Posts Tagged ‘Losantiville’

Happy Birthday, Cincinnati!

On this day,  December 28, 1788, a group of men worked their way across the Ohio River from the mouth Of the Licking River.  They had to dodge yet more ice flows since they left Limestone, now Maysville, Kentucky on the 26th.  The little group managed to make it to what is now known as Yeatman’s Cove at the end of Sycamore Street.  The founding of Cincinnati was underway, except, it had already been named Losantiville by the surveyor John Filson.  The cold, wet little group set about securing their perimeter and making a fire.  The first night in Cincinnati passed inauspiciously as the small party slept close to the fire while sentinels kept watch for danger.  So began the city that would be known as “The Queen City” and “Porkopolis”.

The first cabin, built on Front Street, was constructed with planks from the very boat that carried the settlers from Limestone (Maysville).  The group of men wasted little time in getting the area that would become Cincinnati planned and laid out.  By early January, Israel Ludlow and an assistant had completed a large part of the surveying job.  Israel Ludlow joined the expedition after original surveyor, John Filson left camp on an earlier expedition to the area and was never heard from again.  With the surveying done, this area of the Symmes Purchase was ready for settlement and by the end of the year; at least twenty homes dotted the area around Yeatman’s Cove.  The families of Losantiville relied heavily on Columbia Settlement for foodstuffs these first years.  The fertile soil of what is now known as Turkey Bottoms provided much help to both Columbia and Losantiville.

Families began arriving as soon as February, 1789.  One of the first was Francis Kennedy and his family of seven.  The Indians in the area left the settlements alone for the most part that first year.  However, the threat was always imminent.  Sometime between June and July of 1789 the construction begun on a fort to house the garrison and protect the settlers.  Out of the old growth forest and behind the tiny cabin, Fort Washington was erected.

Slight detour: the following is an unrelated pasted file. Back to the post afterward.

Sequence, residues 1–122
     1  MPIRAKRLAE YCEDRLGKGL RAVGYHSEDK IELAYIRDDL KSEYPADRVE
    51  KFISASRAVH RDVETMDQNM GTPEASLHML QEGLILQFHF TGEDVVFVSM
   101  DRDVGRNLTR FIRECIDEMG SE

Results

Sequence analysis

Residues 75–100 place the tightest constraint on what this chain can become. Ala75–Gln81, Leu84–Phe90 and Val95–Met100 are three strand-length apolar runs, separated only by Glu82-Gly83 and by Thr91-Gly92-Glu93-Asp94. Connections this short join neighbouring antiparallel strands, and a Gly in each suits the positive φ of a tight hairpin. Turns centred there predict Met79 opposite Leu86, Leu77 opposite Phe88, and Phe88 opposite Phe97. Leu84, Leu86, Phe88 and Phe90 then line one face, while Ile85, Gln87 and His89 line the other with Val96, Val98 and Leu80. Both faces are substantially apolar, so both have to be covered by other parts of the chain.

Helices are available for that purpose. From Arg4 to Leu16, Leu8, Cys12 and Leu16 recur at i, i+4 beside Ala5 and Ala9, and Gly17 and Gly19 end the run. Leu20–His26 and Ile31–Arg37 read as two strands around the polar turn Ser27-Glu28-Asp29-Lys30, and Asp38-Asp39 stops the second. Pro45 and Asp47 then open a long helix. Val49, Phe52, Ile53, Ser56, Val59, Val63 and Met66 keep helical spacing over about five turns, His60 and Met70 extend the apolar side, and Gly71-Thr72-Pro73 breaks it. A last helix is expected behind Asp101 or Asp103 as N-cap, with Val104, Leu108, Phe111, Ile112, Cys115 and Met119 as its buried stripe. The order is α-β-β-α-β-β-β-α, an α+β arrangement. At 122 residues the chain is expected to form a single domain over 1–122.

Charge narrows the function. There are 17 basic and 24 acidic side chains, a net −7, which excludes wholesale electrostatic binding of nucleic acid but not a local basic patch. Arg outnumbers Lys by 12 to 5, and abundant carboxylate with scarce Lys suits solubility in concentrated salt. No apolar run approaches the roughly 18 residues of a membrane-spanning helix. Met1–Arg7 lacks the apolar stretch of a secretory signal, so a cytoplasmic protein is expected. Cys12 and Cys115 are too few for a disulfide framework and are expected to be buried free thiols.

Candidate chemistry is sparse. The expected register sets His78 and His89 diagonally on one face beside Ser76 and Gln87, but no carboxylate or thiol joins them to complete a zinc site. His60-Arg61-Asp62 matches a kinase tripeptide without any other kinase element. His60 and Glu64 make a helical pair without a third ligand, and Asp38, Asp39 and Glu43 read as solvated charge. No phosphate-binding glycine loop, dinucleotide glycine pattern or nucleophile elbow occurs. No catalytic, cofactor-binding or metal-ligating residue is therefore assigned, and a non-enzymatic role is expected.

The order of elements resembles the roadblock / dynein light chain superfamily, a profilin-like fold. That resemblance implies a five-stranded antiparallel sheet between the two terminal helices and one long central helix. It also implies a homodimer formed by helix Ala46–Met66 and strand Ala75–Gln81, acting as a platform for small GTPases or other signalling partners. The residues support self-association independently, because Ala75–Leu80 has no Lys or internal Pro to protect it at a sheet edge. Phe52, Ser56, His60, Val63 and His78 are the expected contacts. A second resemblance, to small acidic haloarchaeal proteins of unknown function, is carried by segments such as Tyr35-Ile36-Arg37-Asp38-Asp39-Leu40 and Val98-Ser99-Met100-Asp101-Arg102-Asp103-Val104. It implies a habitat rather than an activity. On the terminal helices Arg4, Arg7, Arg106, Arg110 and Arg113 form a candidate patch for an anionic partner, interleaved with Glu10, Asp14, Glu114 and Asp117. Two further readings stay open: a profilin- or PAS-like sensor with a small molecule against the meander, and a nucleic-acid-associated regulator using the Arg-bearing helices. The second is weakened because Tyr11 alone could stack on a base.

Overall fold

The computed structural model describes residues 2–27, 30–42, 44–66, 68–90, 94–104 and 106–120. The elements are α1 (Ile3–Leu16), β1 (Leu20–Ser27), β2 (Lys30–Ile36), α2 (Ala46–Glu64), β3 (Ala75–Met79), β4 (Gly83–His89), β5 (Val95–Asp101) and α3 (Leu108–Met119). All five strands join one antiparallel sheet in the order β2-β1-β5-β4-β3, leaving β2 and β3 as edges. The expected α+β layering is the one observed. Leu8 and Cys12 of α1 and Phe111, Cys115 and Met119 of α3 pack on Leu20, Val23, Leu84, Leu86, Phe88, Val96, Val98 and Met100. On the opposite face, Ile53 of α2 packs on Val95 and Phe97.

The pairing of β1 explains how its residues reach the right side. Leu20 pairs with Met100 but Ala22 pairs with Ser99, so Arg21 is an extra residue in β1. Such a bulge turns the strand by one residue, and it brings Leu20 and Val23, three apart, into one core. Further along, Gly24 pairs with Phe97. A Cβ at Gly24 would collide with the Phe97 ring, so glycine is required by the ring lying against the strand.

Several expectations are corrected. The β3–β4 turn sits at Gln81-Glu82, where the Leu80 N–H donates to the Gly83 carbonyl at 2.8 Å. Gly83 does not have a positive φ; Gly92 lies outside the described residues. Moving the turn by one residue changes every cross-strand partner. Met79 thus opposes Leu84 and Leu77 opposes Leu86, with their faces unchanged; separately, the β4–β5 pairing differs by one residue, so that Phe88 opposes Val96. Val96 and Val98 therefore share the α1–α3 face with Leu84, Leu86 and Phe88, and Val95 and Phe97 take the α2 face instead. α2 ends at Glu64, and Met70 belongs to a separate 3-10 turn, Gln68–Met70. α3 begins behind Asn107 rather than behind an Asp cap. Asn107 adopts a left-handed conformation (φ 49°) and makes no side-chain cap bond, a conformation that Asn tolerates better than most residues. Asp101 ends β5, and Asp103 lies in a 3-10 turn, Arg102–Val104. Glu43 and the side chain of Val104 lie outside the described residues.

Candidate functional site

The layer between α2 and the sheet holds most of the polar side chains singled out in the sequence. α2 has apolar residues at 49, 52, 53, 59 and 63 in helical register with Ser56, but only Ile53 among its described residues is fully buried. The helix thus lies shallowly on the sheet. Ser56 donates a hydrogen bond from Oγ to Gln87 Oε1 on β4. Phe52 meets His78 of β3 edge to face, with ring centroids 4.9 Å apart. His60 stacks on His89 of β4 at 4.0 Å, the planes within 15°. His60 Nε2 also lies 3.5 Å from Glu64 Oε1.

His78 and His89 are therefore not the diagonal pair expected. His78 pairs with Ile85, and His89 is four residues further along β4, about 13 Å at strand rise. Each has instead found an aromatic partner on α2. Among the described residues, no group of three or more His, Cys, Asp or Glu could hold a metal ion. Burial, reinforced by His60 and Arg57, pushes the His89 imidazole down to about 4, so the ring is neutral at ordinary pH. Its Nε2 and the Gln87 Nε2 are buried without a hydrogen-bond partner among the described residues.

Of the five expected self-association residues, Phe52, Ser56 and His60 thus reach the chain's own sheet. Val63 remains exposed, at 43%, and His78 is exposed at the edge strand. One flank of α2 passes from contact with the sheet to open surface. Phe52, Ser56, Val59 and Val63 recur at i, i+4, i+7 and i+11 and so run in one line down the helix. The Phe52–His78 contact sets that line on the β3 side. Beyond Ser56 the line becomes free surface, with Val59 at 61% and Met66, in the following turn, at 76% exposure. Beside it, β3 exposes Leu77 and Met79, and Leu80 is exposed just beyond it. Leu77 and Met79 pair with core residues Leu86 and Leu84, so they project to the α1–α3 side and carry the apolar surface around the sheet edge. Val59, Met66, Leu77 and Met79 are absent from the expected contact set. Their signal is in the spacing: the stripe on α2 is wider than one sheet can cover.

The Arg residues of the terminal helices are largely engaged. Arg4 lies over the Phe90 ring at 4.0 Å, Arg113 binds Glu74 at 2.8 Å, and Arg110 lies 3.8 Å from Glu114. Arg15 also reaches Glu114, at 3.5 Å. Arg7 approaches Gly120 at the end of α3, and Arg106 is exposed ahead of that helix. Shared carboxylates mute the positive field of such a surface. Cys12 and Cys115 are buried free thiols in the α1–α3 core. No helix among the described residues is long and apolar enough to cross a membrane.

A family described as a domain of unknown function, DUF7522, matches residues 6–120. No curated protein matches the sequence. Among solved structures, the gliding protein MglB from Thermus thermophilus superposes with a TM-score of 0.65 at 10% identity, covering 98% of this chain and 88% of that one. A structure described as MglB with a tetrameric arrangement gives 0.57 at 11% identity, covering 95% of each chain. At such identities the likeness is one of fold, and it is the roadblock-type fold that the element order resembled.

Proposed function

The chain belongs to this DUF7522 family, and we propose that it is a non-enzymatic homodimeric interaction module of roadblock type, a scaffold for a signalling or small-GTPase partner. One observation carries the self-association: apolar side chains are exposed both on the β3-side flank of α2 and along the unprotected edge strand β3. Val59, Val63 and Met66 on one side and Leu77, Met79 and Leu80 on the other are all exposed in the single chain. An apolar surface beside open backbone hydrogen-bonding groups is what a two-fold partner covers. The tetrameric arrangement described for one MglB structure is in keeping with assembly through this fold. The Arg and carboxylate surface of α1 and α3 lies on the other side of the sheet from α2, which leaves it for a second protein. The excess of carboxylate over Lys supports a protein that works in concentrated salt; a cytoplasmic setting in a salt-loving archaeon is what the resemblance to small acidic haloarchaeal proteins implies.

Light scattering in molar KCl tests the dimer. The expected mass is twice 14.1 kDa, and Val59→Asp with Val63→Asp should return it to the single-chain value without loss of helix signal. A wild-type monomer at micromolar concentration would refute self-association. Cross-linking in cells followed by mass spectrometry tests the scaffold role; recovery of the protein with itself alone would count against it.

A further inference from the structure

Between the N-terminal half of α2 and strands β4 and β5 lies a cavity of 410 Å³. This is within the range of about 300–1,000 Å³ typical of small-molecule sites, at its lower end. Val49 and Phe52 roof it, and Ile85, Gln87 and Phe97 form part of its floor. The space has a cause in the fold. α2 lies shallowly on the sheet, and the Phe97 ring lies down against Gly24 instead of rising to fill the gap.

Fort Washington-Cincinnati

Slowly Losantiville, began to grow.  By the end of its first year, the little settlement had twenty-four men, eleven families, and a garrison of soldiers.  Losantiville would soon be renamed “Cincinnati” by Northwest Territorial Governor, Arthur St. Clair, and also rise to prominence as center for military activity in the taming of the Northwest Territory and quelling violent Native American activity.

As the frontier moved West, Cincinnati was still relevant as a supply stop on the way West and as a burgeoning industrial center.  From that one small cabin, we now have a sprawling metropolis of nearly 300,000 peoples.  From the “Edge of America” to the “Heartland”, Cincinnati has continued to grow and prosper.  Happy 226th birthday, Cincinnati!

 cincinnati 1800

.  Mathias Denman, Colonel Robert Patterson, and Israel Ludlow led a group of approximately 14 men down the Ohio from Limestone, now Maysville, Kentucky.